Another young woman from a town not far from Aberdeen was so offended by the destructive gossip that emanated from the town cafe in her town that she refused to return to the town even to visit her family.  Her paper about the town chronicled instances of malicious slander, but also other kinds of abuse.  Her parents were extremely upset by her refusal to return to the community and asked her academic counselor to intervene.  The matter was referred to another counselor who tried to resolve the problem by having faculty that the young woman respected talk to her.  The young woman never returned to her hometown as far as I know, but her family came to understand the reasons for her intense objections to her community.  They arranged to have their family holidays with relatives who lived in Aberdeen.

My own experience with some of the town cafe-centered community attitudes came when my wife and I were representatives of an agency that placed foreign exchange students at the high school and college levels.  In one case, we placed a young woman from Japan with a family that had two daughters of high school age.  We found that the town was divided into bitter, malicious factions and the family with which we placed the student was the object of vicious treatment by a faction that did not like the family.  The treatment was extended to the Japanese exchange student, and we received an emergency call from the agency with which we worked.  International good will came to an abrupt end on main street of that town.  The exchange student had called her parents with reports of what was going on in the town and the high school and the agency  informed us and asked that the exchange student be removed from the town immediately.  We were able to place the Japanese student in another home in Aberdeen.  The original family with which the young woman was placed decided that their daughters would be much better off if they attended a different school in a different community, too.  Their daughters transferred to the same school where we placed the Japanese student the second time, and the young women remained friends.  Within months, the family moved out of the small town and made its home in Aberdeen.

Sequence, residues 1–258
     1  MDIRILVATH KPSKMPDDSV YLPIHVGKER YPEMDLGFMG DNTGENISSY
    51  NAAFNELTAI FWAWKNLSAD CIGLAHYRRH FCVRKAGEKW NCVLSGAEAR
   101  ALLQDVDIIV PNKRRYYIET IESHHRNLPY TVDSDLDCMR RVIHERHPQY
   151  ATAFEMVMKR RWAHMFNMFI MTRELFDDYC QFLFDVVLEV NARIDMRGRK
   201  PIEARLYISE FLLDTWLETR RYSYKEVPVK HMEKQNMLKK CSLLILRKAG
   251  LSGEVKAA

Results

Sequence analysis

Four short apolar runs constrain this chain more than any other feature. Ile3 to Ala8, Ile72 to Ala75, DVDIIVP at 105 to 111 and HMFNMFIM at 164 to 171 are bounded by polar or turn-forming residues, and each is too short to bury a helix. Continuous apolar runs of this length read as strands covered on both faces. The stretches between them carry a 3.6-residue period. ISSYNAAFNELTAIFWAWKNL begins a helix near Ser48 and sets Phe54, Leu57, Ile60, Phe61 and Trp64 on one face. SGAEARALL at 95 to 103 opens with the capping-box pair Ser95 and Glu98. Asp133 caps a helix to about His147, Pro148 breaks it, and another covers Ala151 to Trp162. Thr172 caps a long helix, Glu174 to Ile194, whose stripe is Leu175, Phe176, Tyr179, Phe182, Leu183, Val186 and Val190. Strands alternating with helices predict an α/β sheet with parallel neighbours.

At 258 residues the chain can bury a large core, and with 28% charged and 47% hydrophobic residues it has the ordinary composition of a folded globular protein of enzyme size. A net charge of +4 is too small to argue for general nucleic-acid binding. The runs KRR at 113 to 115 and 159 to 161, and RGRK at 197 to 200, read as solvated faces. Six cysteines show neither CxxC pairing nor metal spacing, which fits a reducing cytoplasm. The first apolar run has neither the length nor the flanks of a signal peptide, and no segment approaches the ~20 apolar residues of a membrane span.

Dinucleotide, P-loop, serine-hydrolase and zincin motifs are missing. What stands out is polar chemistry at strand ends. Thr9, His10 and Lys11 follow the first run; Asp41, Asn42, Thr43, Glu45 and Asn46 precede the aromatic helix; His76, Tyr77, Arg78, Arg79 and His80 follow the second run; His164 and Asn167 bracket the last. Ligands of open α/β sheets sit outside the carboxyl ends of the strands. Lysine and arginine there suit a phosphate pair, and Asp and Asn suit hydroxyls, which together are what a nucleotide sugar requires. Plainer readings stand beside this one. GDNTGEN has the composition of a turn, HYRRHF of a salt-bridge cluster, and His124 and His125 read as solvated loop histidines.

The small-minded and malicious culture that pervades some small towns is chronicled in the works of Sherwood Anderson.  Sinclair Lewis has earned the hatred of small Midwestern communities by portraying the predatory and destructive malice  that pervades small town.  Willa Cather captures  the spirit-killing aspects of small town life, particularly in her novels My Antonia and  Song of the Lark
The protagonists in their works all leave the small towns in order to find productive lives.  A more recent novelist who writes of small town life is Jon Hassler, who died last year.  His novel Staggerford, a town featured in many of his novels, gives an appreciative perspective on small town life, but does not spare the negative aspects.  He does the same with academic life in the upper Midwest.

What these literary works attempt  is to show the destructive effects of people who form societies around malicious purpose.  Their only sense of power and consequence is to malign and destroy other people. People of this nature live in every community, but in some communities they dominate and even rule.  In other communities, they are kept in check by the more benevolent people.

As a journalist, I covered small towns from many aspects, including their school boards.  Some small towns were friendly, efficient, and comparatively free from factional animosities.  Others were characterized by constant fights, slanders, and accusations.  Those latter towns had a difficult hiring good teachers.   Their turn-over got as high as 50 percent a year.  Sadly,  children who needed the best kind of instruction did not receive it, and the town passed a mean legacy on to the children.  In one case, the parents petitioned out of the town's school district and sent their children to school in another county.  In other such towns, people simply moved out as soon as they had opportunity, leaving the towns to those who gave them such negative reputations.